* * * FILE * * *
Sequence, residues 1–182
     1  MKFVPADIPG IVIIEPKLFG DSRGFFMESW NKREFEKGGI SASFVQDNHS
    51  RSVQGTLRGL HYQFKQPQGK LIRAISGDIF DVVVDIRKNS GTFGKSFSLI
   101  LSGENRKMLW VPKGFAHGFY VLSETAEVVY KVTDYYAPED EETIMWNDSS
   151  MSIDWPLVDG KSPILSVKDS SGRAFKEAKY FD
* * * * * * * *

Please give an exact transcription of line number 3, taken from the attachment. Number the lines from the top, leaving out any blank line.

    51  RSVQGTLRGL HYQFKQPQGK LIRAISGDIF DVVVDIRKNS GTFGKSFSLI